“From the density of two grams per cubic centimeter – twice that of water – it must be 50% rock and about 50% water, with perhaps small amounts of hydrogen and helium. So this planet has the interior structure of a hybrid super-Earth/Neptune, with a rocky core surrounded by a significant amount of water compressed into solid form at high pressures and temperatures.”
Hard, hot, high-pressure water isn’t conducive to life and researchers have been quick to note that habitability is not an issue here. But it shouldn’t be neglected that a rocky place with high water content, discovered through a transit of a ‘hot Neptune,’ is an exciting reminder that the essentials for life are likely widespread. Marcy thinks about one in ten planets in our galaxy are habitable, which by his reckoning makes for around 20 billion conceivably living worlds in the Milky Way.
Image: The interior structure of the planet, Gliese 436 b. The core is probably composed of rock, including silicates, iron, and nickel. The envelope is probably composed primarily of water under high pressure (from the weight of material above it), and of smaller amounts of methane and ammonia. The density of the planet is 2.0 grams/cc, as determined from the planet’s mass (from Doppler measurements) and the diameter (from the dimming of the starlight as the planet transits in front of the star, blocking starlight). Credit: Jason Wright/California & Carnegie Planet Search.
The news release on these findings is here, containing John Asher Johnson’s interesting discoveries around A and F stars, with masses between 1.5 and 2.5 solar mass. Coupling his observations with earlier exoplanetary discoveries around older A stars, Johnson notes that planets around massive stars seem to orbit farther from their primary. “Only one of the 9 planets is within 1 AU (astronomical unit, or 93 million miles), and none of them is within 0.8 AU, of their host stars, which is very different than the distribution around sun-like stars,” Johnson said.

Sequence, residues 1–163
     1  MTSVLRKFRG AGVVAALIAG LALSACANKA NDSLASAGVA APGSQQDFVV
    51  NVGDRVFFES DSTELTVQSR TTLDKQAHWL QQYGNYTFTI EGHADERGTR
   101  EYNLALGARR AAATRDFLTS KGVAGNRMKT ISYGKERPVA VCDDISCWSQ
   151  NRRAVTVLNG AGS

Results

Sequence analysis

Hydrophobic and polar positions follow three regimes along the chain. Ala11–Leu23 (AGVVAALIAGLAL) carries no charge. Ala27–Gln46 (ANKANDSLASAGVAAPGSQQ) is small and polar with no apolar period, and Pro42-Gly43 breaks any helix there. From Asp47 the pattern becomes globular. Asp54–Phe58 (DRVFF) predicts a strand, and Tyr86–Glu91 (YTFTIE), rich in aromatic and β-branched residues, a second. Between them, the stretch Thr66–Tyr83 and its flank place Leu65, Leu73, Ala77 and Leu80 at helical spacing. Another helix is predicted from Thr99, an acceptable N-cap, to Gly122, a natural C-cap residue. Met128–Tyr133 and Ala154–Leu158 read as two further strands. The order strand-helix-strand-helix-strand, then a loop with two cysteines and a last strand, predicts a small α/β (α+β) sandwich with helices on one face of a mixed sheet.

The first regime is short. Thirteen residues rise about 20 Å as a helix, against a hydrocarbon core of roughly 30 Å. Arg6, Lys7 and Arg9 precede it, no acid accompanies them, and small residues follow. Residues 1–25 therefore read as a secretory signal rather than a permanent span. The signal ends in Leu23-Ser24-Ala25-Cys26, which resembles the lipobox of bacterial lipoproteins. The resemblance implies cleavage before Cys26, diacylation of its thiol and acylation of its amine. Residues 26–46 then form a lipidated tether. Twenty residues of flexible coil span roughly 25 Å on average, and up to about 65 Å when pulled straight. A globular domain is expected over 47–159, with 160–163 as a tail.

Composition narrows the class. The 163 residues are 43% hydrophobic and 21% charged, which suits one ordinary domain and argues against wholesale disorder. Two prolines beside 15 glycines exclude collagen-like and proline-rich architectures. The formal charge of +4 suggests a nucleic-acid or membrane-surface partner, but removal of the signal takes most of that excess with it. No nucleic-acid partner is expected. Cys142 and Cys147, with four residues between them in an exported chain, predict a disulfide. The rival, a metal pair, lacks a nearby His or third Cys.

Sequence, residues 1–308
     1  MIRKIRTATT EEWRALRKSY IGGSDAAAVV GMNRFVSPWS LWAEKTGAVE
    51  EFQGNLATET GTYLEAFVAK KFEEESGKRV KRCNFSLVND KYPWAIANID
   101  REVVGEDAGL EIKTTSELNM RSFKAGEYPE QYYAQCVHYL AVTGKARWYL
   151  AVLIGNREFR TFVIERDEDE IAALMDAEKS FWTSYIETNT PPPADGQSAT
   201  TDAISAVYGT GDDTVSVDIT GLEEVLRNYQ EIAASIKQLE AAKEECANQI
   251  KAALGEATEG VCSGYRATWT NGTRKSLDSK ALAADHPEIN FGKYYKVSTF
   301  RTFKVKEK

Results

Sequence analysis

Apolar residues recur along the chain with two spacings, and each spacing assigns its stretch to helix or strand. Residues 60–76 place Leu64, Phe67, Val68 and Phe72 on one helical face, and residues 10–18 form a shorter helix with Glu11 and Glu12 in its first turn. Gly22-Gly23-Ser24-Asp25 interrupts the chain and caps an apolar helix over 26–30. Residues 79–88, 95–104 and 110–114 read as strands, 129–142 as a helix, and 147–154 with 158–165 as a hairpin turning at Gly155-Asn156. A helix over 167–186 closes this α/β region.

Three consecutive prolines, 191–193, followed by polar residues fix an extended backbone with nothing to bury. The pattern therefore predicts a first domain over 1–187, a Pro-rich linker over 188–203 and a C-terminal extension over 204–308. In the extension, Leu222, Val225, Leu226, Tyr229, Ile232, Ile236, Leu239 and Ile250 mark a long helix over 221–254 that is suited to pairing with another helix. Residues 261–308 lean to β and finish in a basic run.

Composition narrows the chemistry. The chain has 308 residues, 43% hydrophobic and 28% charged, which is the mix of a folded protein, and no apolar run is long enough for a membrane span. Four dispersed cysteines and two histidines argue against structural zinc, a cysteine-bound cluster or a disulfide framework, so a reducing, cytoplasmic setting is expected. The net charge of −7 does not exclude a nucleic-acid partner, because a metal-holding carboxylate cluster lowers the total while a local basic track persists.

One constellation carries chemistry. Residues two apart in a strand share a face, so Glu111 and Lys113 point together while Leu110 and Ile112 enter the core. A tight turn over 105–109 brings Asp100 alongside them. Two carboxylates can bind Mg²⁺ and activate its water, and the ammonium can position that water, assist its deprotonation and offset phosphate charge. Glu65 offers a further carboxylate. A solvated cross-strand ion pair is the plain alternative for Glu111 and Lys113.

So it will be interesting to see what happens as this team works through the 450 older A stars it has added to its target list. Massive A stars like these normally rotate quickly and can mask the radial-velocity ‘signal’ of accompanying planets, which is why the team focuses on older A stars that have nearly completed hydrogen burning, a short period of stability that can reveal much about planetary companions. Large planets seem to show up more often around more massive stars, a trend that, if confirmed, seems to show the core accretion model of planetary formation at work, there being more disk material available early in the process.
New work on Gliese 581’s interesting planetary system may prove dismaying for those hoping for a planet in the habitable zone. With two ‘super-Earths’ and a Neptune class world, this is a system that cries out for close analysis. The Geneva team that detected the super-Earths had calculated surface temperatures on Gliese 581 c at roughly 20 degrees C. What they left out was the likely greenhouse effect of the atmosphere.